So Stoked for Frequency 8
Friday, Aug. 23, 2013
If you've been in San Francisco for any significant amount of time, chances are good that you've at least heard of the Frequency 8 crew. Since the '90s, the outfit's done a lot to further the position of trance in the Bay Area via its lavish raves, record label, and now-shuttered Haight street record store. Not being too familiar, I enlisted the help of a good friend of mine who grew up in the genre. I asked him if he wanted to to go the party, and his response captured the theme of enthusiasm that began to course through the rest of the night: "F-8!? No way! I used to drive down from Sac just to go to their parties, that's what got me into dance music!"
We had a group of about five situated in the middle of a packed dancefloor at DNA Lounge. We stood out like sore thumbs, wearing drab clothes next to the clubland equivalent of a tropical aquarium. Everywhere there was eye-piercing color: neon blue, bright red tracing off the edge of a light glove, flashes from highlighter yellow glowsticks, and mounds of multi-colored "kandi" bracelets -- fog did little to obscure the rest. The music was melodically lush, but played at an arrhythmia-inducing speed. It was trance. The DJ, Thomas Datt, moved like an orchestra conductor, emulating the superstars of the late-'90s with carefully chosen poses that gave the illusion he was controlling every element from the patter of high-hats to the genre's tell-tale rushing drops. Below him, a flat-white geometric construction reflected psychedelic scenery of endless clouds, '80s vector graphic mountains, and other assorted digital landscapes. Two girls in white bikinis and feather boas walked by, their mouths a garble of confusing rainbows generated by LED-saturated pacifiers.
One of the most startling things about the night was how young everyone was. Going into this blind, I assumed that Frequency 8, being one of the older trance crews, would draw an older crowd. This wasn't the case; instead everyone present appeared to be between the ages of 18 and 21, with relatively few outliers -- those who were older blended in by virtue of the kandi kid subculture's fixation on pre-teen accoutrements. This had a nice fringe benefit in that none of the bars were ever busy, though I imagine that says more about the consensus choice of substance than anything else. Age aside, it was a very diverse crowd, with the aforementioned kandi kids mingling easily with a misfit assortment of anime otaku, unabashed Redditors, furries in full garb, and a troop of people clearly invested in totally losing their minds.
Trance as a musical genre, when listened to for long enough in a club setting, has a weird effect at high volume. It sucks you into its swirling melodies and ambient wafts of synthesizer. It's immersive in a way that's similar to techno, though the feeling is more dreamy. At the front of the room, a small group of partiers rested standing against the stage with their heads tucked into their arms. I felt my own consciousness drift away into the music, catching myself five or 10 minutes later almost dozing off to the monotonous ebb and flow of the rush. It was at that point that we decided to gather our wits and leave the main room for a while to visit "The Observation Deck," the party's second room dedicated to hardcore, gabber, and drum 'n' bass.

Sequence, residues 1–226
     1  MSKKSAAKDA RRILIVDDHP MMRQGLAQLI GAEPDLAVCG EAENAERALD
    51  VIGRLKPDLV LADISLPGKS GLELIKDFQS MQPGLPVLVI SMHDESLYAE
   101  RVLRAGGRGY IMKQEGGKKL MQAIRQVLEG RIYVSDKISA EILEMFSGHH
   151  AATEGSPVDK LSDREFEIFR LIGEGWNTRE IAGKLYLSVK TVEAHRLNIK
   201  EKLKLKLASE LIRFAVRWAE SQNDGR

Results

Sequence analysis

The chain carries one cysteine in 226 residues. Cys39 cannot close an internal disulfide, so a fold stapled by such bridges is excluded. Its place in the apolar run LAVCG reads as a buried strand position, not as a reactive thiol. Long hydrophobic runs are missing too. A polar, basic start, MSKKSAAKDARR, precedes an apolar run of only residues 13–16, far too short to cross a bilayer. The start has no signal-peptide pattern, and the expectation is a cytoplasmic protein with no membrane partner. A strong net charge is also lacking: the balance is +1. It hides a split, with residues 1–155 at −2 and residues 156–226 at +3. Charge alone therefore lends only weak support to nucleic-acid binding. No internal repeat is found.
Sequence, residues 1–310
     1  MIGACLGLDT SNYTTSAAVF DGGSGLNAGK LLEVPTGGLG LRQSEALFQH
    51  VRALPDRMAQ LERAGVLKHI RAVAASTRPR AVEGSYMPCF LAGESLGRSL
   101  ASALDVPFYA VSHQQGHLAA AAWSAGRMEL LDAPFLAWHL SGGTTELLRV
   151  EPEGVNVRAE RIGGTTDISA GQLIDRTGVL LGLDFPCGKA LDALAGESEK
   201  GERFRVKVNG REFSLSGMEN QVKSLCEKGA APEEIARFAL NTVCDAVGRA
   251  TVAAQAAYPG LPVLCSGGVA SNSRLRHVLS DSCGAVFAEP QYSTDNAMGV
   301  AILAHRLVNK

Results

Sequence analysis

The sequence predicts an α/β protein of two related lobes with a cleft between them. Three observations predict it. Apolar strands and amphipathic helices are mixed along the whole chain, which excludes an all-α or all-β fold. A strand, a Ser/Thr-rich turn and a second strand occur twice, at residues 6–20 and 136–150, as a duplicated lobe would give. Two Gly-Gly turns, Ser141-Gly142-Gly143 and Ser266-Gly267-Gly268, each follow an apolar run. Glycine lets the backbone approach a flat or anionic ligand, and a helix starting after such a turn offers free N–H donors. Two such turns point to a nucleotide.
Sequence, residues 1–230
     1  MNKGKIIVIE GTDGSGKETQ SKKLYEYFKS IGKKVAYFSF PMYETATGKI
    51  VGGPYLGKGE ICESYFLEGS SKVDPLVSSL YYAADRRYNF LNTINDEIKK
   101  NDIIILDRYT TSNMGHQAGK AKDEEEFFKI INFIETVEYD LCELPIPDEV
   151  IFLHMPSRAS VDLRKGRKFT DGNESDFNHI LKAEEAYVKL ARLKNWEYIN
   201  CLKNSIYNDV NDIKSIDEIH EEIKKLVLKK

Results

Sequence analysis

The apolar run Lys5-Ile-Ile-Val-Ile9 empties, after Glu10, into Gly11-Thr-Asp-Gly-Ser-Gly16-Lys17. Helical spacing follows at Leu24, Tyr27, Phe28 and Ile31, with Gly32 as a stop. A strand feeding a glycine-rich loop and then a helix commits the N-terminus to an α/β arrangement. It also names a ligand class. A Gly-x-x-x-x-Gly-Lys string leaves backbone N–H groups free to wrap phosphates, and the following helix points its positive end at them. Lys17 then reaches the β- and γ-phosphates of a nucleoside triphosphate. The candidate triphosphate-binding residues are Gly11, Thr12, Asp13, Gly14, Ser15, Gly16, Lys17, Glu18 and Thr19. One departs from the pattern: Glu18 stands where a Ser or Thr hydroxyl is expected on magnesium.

I'm not the most eloquent notetaker while out reviewing these parties. Looking back though, my one sentence about the upstairs room seems relevant: "worm of pure energy, drilling thru my ear." This was indeed a much more hardcore experience than the comparatively pleasant dream music of the main room. It was pure aggression, with a similar crowd hyping themselves up and pogoing to blasting hits of 180 BPM+ hardcore. The DJ, whose name I didn't catch, mixed these sounds on the fly in truly old-school fashion with the crustiest looking box of vinyl records I've seen in the wild. Hyper remixes of Skrillex's "Scary Monsters and Nice Sprites" mingled with more esoteric fare, but proved a huge hit with a dancefloor that rarely wavered throughout the night. Eventually the music switched, moving towards futuristic interpretations of drum 'n' bass with little bits of dubstep thrown in for good measure. The aggression was awesome, but even better was the earnest party spirit and unironic punk ethos that filled the air.
By the time we made it back to the main room, the tempo had caught up with the music upstairs. Now it was Scott Brown on the decks and he was working fast to cram in as many heavy-hitting hard-trance tracks as he could before the 2 a.m. cutoff. Booming hoover basses and near incomprehensible kick drum patterns flashed from the subwoofer in five-minute blurts before melting into gooey synth pads played beatlessly as interludes. With each track he pushed faster, playing a string of tracks that included Captain Tinrib vs Mars & Mystrë's "Save the Rave," Art of Trance's "Madagascar," and Mars' "Pachelbel 8000." Throughout it all he wove in a repeating spoken word vocal that affirmed again and again, "You're rocking with the best!"
Finally, when there was nowhere else to go but up, he faded his last track out, honoring the rapidly approaching hard deadline of 2 a.m. All at once, a roomful of arms shot up, revealing a wall of jangling multicolored beads. They demanded, "ONE MORE SONG! ONE MORE SONG!" We grabbed our jackets and made our way to the door, but on our way out I heard DNA Lounge's floor manager shout back, "ALRIGHT! ONE LAST SONG!" We stumbled into DNA Pizza just moments before the final huge operatic sweeps of synthesizer tore through the club, causing one last euphoric groan before comedown.